- Historic Sites
Shoot-out In Burke Canyon
The Idaho mine war broke into flame in 1892 and cast a glare with very long shadows
August 1971 | Volume 22, Issue 5
Regardless of who started it, the battle was quickly joined. Gunfire crackled back and forth across the canyon, but the miners soon found themselves at a disadvantage. The logged-off hillside left them exposed to the guards’ fire, while their foes could take shelter behind the protection of the ore mill.
The miners began circling around to a more sheltered position above the mill, from which a tramway ran down the hill into the building. Once there, they loaded a car with black powder, lit the fuse, and sent it careening down the track toward the mill. Luckily, the fuse was too short, and the load exploded before reaching the building, where it would have taken a heavy toll of life.
But this was war, and the miners weren’t concerned with humanitarian niceties. There was another way to get at the mill—a flume that connected with a penstock that supplied water. The miners shot the pipe full of holes to drain out the water, then sent another box of powder down the flume and into the penstock. This time they were successful. The building erupted into the sky in a shower of timber and debris.
One company man was killed in that explosion and seven others injured. The loss of life might have been far worse, except that the company forces by then had huddled into a newer mill structure away from the scene of the explosion. Here their situation rapidly became untenable as the miners concentrated their fire on this remaining stronghold. Soon a white flag fluttered up over the mine, and the volley of gunfire wound down to a sullen silence. Some sixty men filed out of the mine, carrying one of their dead (the body of the worker killed in the explosion was not found until the following day). Only about half of them were armed, but even if they all had been, they were considerably outnumbered.
Grim union guards marched their “prisoners” single file to the Gem union hall, which began to take on the look of a wartime hospital with its dead, wounded, and captive men.
Meanwhile, what was to be an even more deadly battle had broken out at the nearby Gem mine, on the opposite side of the canyon from the Frisco. Company men had thrown up barricades in front of the mine, leaving portholes through which riflemen could fire into the backs of the buildings across the creek that fronted on Gem’s single street. One of these buildings was Daxon’s saloon, a union hangout.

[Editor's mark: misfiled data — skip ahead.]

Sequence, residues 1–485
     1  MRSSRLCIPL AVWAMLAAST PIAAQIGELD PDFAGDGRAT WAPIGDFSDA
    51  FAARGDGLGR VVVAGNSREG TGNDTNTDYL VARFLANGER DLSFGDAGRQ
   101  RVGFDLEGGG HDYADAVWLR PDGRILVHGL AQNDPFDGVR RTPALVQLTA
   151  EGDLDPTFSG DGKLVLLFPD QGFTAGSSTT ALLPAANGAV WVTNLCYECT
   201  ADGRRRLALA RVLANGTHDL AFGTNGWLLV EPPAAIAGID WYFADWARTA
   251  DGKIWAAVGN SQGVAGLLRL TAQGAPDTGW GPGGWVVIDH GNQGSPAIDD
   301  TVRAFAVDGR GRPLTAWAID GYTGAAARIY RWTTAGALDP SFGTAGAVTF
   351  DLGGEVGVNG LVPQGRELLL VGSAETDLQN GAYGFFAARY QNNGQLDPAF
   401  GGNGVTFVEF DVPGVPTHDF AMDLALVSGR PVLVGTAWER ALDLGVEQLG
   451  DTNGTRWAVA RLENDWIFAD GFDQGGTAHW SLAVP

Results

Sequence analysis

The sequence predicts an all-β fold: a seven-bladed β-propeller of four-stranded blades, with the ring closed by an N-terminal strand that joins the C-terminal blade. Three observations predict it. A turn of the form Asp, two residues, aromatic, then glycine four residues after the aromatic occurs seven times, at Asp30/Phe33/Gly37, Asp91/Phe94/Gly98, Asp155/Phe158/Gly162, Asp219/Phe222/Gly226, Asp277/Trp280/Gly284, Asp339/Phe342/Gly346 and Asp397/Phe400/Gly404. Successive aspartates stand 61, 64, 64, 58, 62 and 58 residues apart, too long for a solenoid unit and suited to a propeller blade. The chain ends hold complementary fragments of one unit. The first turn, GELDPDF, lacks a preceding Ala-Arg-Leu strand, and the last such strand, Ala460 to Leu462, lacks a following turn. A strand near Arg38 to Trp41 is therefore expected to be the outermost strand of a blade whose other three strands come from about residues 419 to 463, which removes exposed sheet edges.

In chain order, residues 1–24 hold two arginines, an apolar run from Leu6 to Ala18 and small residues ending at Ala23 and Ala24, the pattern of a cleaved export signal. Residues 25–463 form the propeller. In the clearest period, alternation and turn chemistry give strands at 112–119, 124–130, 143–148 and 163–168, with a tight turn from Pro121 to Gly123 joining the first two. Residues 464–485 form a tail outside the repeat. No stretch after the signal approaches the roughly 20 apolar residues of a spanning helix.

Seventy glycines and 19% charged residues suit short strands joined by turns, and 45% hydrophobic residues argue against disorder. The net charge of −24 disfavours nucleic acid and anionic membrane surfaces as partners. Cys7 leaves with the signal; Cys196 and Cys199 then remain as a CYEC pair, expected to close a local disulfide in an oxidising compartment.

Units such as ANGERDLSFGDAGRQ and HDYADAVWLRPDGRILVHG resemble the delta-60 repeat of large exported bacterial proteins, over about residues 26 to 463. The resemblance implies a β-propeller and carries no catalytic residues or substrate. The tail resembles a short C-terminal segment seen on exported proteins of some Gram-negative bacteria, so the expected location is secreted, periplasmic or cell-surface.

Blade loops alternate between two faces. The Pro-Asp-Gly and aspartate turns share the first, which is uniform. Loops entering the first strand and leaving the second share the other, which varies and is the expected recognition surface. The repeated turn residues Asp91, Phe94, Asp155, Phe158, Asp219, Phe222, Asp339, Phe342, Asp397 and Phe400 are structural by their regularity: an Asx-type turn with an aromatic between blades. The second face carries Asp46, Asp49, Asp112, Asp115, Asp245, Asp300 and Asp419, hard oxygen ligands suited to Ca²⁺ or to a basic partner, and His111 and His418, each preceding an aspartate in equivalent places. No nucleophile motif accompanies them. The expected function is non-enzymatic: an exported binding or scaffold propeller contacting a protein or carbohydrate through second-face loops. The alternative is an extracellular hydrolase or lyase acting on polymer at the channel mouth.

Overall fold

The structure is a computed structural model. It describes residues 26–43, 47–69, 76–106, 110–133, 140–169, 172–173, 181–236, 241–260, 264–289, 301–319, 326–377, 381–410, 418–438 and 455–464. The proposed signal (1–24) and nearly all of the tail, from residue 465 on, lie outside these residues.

The battle of the Gem mine began as the shifts were changing at the break of day. Two men walked out of the mine toward their boarding house in Gem. As they were crossing a footbridge, shots rang out and one of them fell dead. The other ran back to the protection of the barricades. These shots signalled the outbreak of another fusillade.
Guards and nonunion workers crouched behind the shelter they had improvised and poured volleys of gunfire into the saloon, and wherever else a union man showed himself.
One of these “unionists” was a Pinkerton detective, Charles A. Siringo, who had infiltrated the union so successfully that he had been elected recording secretary of the Gem Miners’ Union. This had provided him excellent sources for the information that he relayed to company officials as the unions developed their strategy, but on this bloody Monday morning his situation had become distinctly uncomfortable. A union man had passed on to him a rumor that a spy had got into the union, and he ought to be burned at the stake. The miner didn’t know that he was in fact talking to the spy, but Siringo did, and he didn’t aspire to be another Joan of Arc.
During the night he had crawled under a platform to listen in on the conversation of union leaders and then had returned to his rooming house. When he was awakened by the shooting at the Frisco Mill, he decided it was time to abandon his disguise and join his true allies in the Gem mill. He had not proceeded very far before he was halted by a company guard, who told him that he would never get past Daxon’s saloon, where some fifty union men were firing on the mill and at anyone trying to leave or enter it.
Returning to his room at Mrs. Shipley’s lodgings, the resourceful detective sawed a hole in the floor, pulled a trunk across to cover it, and wriggled under the house. Like most western frontier towns, Gem made it possible for ladies to keep their hemlines unsoiled by providing an elevated wooden walkway along the dusty road. Using the walk as cover, Siringo wriggled his way toward the mill. Overhead, he heard union men cursing the poor shooting quality of their rifles—and speculating about the spy in their midst. A bunch of them broke off and headed for the Shipley home after this discussion, and Siringo put more speed into his movement in the opposite direction. He finally reached another saloon bordering the walk, with room enough to crawl beneath it to a point where he had only to make a short dash to reach the safety of the mill.
Most of Gem’s women and children had fled town as this second battle of the day raged. This time it was the union men who were finally forced to run up the white flag, after three of their number had been killed. By then the sheriff, district attorney, and several state militia officers and United States marshals were on the scene to promote a truce.